A Lech Majewski Interview
Brannavan Gnanalingam
Źródło: The Lumière Reader (www.lumiere.net.nz)
Treść wywiadu
Filmmaker in residence, Lech Majewski, talks painting, Basquiat, and art through oppression with BRANNAVAN GNANALINGAM, ahead of a series of Film Society screenings nationwide.

POLISH/AMERICAN director Lech Majewski’s idiosyncratic films are having a run at Film Societies around the country. He started his artistic career as a painter and a poet, and moved into film – frequently making films about painters and poets. He’s most well known for devising and writing the 1996 film Basquiat, and his work has moved into incorporating digital technology into the very narratives of his work. Unashamedly a ‘big picture’ artist, his films contain a multitude of fascinating and ferocious ideas, and while his films haven’t had much mainstream or arthouse coverage, his oeuvre is developing into a pretty formidable one.

Majewski grew up in Katowice, an industrial area in Poland, but spent his summers in Venice. He says “an upshot of that I was on quite good terms with a lot of old art that was in Venice everywhere, and with new art, because every second year is the Biennale and the best of the modern art comes to Venice. I found the difference between the old and the new art is such that my heart is with the old art.” Majewski then realised the possibilities of cinema, and was drawn to it. “I realised that this type of aesthetic, and this type of looking for meaning, one can do nowadays in cinema. In other words, if the old masters would be alive today they would be doing films. That was my thinking. I got into the Academy for Fine Arts, but I also got into film school.”

He studied under Wojciech Has (The Saragossa Manuscript), and was drawn to Italian cinema (Antonioni, Fellini, Visconti, Pasolini) and the French New Wave (Resnais and Godard for example). However, after making his first film in Poland, The Night, Majewski left the country when martial law was declared in 1981, and the neo-Stalinist regime re-asserted its power. However, it was a play in London which made his reputation – and specifically it was a version of The Odyssey which he put on the banks of the river Thames. As it was set on the Thames “we had to print our tickets with the tide timetable”, and the show incorporated places like the old power station (now Tate Modern), the House of Parliaments and London Bridge as Odysseus’ challenges. “Odysseus had a mic, and because it was on the river, and a boat, and the noise of the engine, we had to amplify his voice and he was on a radio mic. No wires attached because he was acting. We were passing by the Houses of Parliament in England, and at the same time, there was this very narrow garden in front of Parliament between the Thames and Parliament. Maggie Thatcher was having a garden party and she was speaking to her guests. And the signal from our radio mic, we had more powerful equipment than they had in the Houses of Parliament, so she lost her signal as she was speaking, and Odysseus’ voice went over her microphone. And at that time, Odysseus was talking about Circe, the goddess who turns men into pigs. You can imagine the English press. We were big and everybody was cheering us. Suddenly she in a man’s voice proclaiming, under Circe ‘we will turn you men into pigs, you heads will dangle from the trees in my garden.’ We were wildly cheered when the boats were passing the following days. That’s how I started my career in the West.”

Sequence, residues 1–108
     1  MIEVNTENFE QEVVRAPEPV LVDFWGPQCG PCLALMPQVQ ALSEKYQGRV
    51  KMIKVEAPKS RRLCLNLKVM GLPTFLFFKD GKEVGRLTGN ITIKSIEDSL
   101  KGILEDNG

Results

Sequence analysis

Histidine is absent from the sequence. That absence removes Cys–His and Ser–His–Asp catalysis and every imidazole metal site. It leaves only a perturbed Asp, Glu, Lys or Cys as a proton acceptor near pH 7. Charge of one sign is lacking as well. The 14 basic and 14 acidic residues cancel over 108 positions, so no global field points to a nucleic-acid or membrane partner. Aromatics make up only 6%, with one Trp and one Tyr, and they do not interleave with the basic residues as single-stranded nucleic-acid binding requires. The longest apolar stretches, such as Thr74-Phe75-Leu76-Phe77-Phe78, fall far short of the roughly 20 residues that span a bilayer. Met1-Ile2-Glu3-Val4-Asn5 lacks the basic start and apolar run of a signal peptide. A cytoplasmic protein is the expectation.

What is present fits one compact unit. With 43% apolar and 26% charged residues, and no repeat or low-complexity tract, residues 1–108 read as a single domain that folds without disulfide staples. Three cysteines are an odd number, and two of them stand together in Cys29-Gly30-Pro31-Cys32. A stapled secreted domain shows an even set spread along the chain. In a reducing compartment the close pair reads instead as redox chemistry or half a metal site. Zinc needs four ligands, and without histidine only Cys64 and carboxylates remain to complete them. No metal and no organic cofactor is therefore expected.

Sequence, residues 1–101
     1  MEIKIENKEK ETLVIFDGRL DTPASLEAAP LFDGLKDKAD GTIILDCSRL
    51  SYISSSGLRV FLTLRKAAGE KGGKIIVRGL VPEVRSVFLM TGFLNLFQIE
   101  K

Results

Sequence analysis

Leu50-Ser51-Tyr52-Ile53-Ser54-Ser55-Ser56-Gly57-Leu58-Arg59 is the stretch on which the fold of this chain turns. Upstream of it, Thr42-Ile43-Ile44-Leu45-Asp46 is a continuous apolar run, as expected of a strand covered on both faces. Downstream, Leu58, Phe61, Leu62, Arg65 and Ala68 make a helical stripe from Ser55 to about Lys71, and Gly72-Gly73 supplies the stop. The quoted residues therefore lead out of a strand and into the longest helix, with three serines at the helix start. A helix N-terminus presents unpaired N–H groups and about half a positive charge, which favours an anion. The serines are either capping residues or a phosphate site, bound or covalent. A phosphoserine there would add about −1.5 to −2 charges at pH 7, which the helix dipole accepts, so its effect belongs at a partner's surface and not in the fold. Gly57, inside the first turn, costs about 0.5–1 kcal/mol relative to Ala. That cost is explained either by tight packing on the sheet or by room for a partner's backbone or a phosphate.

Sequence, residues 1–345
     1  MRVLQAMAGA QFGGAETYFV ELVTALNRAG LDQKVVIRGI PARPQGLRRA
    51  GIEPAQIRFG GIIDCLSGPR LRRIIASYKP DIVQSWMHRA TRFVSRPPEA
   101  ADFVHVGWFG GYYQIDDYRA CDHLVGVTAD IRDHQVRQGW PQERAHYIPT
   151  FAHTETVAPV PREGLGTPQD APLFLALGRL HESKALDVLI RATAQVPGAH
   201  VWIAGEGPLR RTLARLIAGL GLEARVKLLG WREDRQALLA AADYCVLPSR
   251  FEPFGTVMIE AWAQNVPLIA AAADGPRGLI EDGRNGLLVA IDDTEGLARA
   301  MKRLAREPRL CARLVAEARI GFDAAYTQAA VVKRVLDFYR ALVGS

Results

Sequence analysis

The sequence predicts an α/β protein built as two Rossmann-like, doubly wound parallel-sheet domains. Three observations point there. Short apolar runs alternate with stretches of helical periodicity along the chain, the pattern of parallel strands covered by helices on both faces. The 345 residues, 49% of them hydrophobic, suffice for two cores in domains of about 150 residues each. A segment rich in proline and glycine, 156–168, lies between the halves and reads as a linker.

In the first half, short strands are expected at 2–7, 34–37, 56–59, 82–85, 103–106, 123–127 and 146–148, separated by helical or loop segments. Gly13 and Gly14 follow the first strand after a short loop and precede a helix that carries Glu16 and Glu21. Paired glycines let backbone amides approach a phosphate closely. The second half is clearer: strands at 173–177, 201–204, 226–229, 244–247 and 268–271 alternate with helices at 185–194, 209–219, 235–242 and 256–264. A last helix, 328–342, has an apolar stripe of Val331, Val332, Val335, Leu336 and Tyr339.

From there Majewski moved to America. In 1988 he headed to Brazil to make the Great Train Robber Ronnie Biggs film Prisoner of Rio). He sums the experience up with “spent two years in the night clubs of Rio.” His film The Gospel According to Harry, which is being played at the Film Society, is the film which helped establish his art film credentials. Starring a then unknown Viggo Mortenson, the film is a dystopian sci-fi film set in a world where the Pacific Ocean has dried up (the desert was filmed in Poland). “I found Viggo when he was absolutely nobody. First of all he had very good looks, but he had a way of holding himself to himself. He was a little bit mysterious and I thought this is a perfect man to be a star.”